First, let me state my position. When I saw it live, I assumed it was helmet-to-helmet and figured a penalty and fine were both in order. I continued to hold this opinion until I was able to review the replay for myself, frame by frame. You can do the same here:
In realtime, pay particular attention to how fast everything happens. It is bang-bang, and the screencaps below prove it.
This next screencap is less than a second later. Notice the gameclock, which was still rolling, still says 2:26. It's also clear that the hit is shoulder-to-helmet, NOT helmet-to-helmet. McClain, who had been on the 30, still has one foot planted on the 30-yardline. The play was moving toward him at least as fast as he was moving toward it.
This is a close-up screencap from the slow motion. It clearly shows Carr tipping the ball away, as seen from afar in the cap above.
And here is the hit by McClain, clearly shoulder-to-helmet.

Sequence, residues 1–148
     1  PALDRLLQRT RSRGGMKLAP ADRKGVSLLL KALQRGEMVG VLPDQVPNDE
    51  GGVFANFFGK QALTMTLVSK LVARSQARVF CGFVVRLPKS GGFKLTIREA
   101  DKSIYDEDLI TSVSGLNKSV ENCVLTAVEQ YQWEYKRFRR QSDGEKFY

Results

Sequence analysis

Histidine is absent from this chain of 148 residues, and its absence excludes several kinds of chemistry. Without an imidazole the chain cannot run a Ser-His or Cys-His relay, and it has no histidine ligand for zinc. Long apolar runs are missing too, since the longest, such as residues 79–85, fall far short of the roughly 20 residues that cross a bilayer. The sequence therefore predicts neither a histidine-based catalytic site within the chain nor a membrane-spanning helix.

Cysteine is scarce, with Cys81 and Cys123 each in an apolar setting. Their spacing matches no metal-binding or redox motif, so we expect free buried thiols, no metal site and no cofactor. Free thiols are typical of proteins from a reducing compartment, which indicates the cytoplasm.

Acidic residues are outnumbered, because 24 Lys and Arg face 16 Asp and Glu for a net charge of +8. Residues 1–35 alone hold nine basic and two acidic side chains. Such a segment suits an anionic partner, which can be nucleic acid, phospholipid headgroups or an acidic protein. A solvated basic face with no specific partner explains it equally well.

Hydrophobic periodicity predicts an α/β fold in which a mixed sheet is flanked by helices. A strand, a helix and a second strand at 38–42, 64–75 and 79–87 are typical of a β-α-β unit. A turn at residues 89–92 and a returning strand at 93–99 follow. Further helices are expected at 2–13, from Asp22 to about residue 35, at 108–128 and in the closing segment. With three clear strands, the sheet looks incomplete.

After seeing these pics and the replay, I became convinced the hit was not only not dirty, it wasn't even helmet-to-helmet, and, in fact, it was a textbook tackle attempt gone awry only because Heath Miller fell down. McClain had less than a second to react, which is not nearly enough time, and his target is clearly in the "strike zone", which shifted downward at the last moment due to Miller falling.
If somehow you're still not convinced, read what an expert in the field, former VP and Director of Officiating in the NFL Mike Pereira had to say.
Naturally, McClain is appealing his fine and Coach Harbaugh is supporting his player.
Most importantly, Heath Miller did not suffer a broken neck. Yes, the result of the play was terrible to watch, but that does not mean that what led to it was in any way wrong, malicious, or even preventable short of simply not playing football. As Pereira notes, the Merriwether hit on Heap was far more egregious, as it was helmet-to-helmet and launching, i.e. intentional. That is the kind of hit a player should be fined if not suspended for.